Yesterday I went into town and picked up my repaired bracelet, pictured here. I wear everything permanent on one side, my left: my bracelet, my watch, and my engagement and wedding bands.
Yesterday as I walked back to my car in the underground car park, bracelet newly restored, I was overwhelmed by the rich and familiar smell of oil on concrete. The smell of my beloved grandfather’s garage, and somewhat, the smell of him, working in his overalls there, fixing things as he always did. I spent hours out there with him, just pottering. Him and me.
Yesterday I got in the car and cried. My grandfather died 20 years ago this month. I couldn’t go to his funeral, as my father would be there. I also cried for my father-in-law, who passed only 18 months ago, who was my father for over 30 years with no fuss, and unconditionally.
It’s my father-in-law who gave me this bracelet, on the birth of his tenth grandchild, our young Max, 22 years ago. I wore it daily for years, wearing out the clasp. But it’s back now.
My watch? Bought with inheritance from my mother-in-law, over 30 years ago too. I only knew her one year, but she made a profound impression on me. I have always longed to have known her longer.
I miss the older people in my life whom I trusted and loved. I miss them so much. I know I was lucky to have any, but I don’t take this for granted. I treasure it. They taught me all I know and have ever known.
My grandfather and my father-in-law would both be so proud and happy for the marriage of our first son Eliot, in two weeks. My grandfather held him at six weeks old; we have a picture. And of course, my father-in-law saw Eliot grow and become someone special; they were close.
So I’m holding onto what matters, clinging to it. Not much else in my young life was worth much, to be sure. But I have always known that somewhere I was loved, really cherished. That has never left me.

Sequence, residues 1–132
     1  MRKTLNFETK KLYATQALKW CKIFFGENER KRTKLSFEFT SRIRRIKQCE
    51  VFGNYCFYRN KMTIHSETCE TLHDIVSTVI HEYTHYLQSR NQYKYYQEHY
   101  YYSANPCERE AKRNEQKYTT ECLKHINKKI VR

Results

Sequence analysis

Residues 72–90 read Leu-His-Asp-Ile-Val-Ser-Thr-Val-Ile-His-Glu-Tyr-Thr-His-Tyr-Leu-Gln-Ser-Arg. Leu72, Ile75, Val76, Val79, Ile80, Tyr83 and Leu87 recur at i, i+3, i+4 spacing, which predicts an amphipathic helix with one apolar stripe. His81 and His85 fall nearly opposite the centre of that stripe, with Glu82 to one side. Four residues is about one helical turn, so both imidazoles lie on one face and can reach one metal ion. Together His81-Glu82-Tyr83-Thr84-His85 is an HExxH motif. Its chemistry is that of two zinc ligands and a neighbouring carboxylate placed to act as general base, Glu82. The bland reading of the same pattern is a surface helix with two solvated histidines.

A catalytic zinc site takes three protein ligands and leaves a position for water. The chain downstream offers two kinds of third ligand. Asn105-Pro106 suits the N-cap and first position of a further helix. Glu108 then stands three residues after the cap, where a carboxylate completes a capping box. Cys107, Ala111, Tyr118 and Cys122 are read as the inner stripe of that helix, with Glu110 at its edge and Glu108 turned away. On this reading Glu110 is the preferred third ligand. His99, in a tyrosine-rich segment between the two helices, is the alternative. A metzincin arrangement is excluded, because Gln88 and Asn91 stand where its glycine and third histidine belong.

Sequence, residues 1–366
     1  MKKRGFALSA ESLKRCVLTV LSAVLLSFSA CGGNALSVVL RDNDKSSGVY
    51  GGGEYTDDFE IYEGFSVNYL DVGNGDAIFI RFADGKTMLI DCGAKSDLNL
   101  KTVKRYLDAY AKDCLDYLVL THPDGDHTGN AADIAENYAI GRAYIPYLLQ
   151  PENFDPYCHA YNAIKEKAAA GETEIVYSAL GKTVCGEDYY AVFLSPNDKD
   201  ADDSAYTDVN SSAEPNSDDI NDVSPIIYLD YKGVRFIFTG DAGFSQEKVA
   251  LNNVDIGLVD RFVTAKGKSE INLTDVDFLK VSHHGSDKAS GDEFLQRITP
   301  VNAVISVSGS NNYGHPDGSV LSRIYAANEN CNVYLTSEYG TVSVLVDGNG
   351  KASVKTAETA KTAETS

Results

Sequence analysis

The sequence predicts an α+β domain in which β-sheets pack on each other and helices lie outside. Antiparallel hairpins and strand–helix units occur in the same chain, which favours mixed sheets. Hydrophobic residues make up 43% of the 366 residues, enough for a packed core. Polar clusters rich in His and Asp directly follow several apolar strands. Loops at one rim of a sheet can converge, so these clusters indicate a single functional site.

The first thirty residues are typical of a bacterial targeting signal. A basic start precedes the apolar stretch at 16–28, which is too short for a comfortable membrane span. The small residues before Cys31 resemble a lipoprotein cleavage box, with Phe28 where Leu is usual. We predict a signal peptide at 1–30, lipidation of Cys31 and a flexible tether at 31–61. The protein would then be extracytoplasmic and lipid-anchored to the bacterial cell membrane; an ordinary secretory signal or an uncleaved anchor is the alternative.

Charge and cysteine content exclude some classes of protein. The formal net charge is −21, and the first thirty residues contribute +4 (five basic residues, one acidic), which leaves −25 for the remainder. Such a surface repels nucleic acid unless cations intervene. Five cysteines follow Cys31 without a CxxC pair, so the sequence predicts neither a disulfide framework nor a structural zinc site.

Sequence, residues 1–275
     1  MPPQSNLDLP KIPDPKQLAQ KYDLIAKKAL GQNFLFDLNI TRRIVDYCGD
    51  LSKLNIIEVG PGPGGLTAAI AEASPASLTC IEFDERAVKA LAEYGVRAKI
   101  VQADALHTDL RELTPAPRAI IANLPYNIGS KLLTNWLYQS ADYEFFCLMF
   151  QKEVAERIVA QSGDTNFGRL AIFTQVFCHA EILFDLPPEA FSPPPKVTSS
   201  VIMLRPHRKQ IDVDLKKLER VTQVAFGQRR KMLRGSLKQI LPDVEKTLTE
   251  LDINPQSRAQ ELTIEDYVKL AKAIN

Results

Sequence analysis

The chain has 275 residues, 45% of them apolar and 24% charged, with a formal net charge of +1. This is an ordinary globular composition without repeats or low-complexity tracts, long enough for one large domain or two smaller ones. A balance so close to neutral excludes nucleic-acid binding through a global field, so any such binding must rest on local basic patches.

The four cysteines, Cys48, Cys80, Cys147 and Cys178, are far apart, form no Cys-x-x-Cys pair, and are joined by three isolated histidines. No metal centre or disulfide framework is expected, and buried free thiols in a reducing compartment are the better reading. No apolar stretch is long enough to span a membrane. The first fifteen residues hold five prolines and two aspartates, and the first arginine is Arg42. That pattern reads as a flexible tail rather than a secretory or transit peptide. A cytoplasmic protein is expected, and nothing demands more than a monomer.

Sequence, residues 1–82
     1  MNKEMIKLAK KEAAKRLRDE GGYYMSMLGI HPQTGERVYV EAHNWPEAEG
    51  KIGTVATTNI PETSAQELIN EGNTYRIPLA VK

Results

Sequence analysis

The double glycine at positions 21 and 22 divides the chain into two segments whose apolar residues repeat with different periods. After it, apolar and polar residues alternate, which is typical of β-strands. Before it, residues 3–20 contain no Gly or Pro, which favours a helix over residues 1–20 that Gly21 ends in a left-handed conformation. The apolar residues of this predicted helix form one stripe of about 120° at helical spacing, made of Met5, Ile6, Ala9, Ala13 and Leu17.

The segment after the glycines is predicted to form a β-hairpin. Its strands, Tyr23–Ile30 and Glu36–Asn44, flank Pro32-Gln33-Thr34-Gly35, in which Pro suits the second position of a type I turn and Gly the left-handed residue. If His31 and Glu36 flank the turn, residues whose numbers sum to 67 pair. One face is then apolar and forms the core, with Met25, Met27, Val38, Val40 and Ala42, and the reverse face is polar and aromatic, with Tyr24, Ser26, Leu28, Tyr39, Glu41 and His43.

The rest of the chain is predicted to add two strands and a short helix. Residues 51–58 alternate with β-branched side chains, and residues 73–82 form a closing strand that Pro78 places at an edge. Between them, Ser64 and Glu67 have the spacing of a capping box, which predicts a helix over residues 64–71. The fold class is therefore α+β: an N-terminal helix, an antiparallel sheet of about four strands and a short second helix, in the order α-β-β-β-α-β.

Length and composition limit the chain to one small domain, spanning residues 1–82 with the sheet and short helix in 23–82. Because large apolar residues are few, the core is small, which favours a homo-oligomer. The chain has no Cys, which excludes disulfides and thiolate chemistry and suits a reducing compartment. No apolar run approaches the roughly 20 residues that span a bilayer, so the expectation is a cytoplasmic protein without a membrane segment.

There are lots of passages in Learning to Survive about my paternal grandparents, Ommie and Granddaddy. They half-raised me, and saved me over and over from the whims and instabilities of my mother. This section is about what it was like to stay with them, their authentic and entirely loving ways.
I believe it is some years before I understand that my favourite people in the world, Ommie and Granddaddy, are my unseen father’s parents. Rather, for all of my early life, I feel they belong only to me.
They live in Beaumont, a big city in deep east Texas, which first built up around the oil industry, like its larger regional cousin, Houston. Being only a few miles from Louisiana and its swampy backcountry however, Beaumont is never able to take on the cosmopolitan mantle of Houston. It remains fast-growing but provincial, and in the 60’s, all of the Deep South characteristics and traditions are still in place.
An electrical engineer, my grandfather is a successful part of Mobil Oil’s rise in the 40’s and 50’s. The house I visit is the result of a certain prosperity, designed and built by my grandparents in a then up and coming area of the city. It is a sleek, rambling ranch-style bungalow, set in a large plot of land, with an expanse of lawn and neat caladium-frilled trees in the front. Around back are Granddaddy’s spacious vegetable patch, my swings and a sandbox he makes for me at some point.
Even now, I can recall the anticipation of arriving on their street, their block. My eyes search for their house, the long driveway, Granddaddy’s pick-up parked on the side, and Ommie’s car in one side of the double garage. We might pull up outside if there are things to unpack, and then walk through the other half of the garage, with its pungent smell of oil on concrete. Someone swings the screen door open; it often squeaks, and always clatters behind you, pushing you through the doorway, announcing your arrival.
This is the homely way in: on the left is a toilet where Granddaddy washes up from working outside, and Ommie’s enormous laundry room through to the greenhouse. Then you are in the kitchen, with its small table and every inch of counter space laden with food. Outside that window is the hummingbird feeder, with its bright red liquid. Through the kitchen is the lounge – comfortable chairs, a huge half-circle sofa, the television, lots of Readers Digests, a candy dish of clear sweets, and a whole wall of glass doors looking out into the back garden.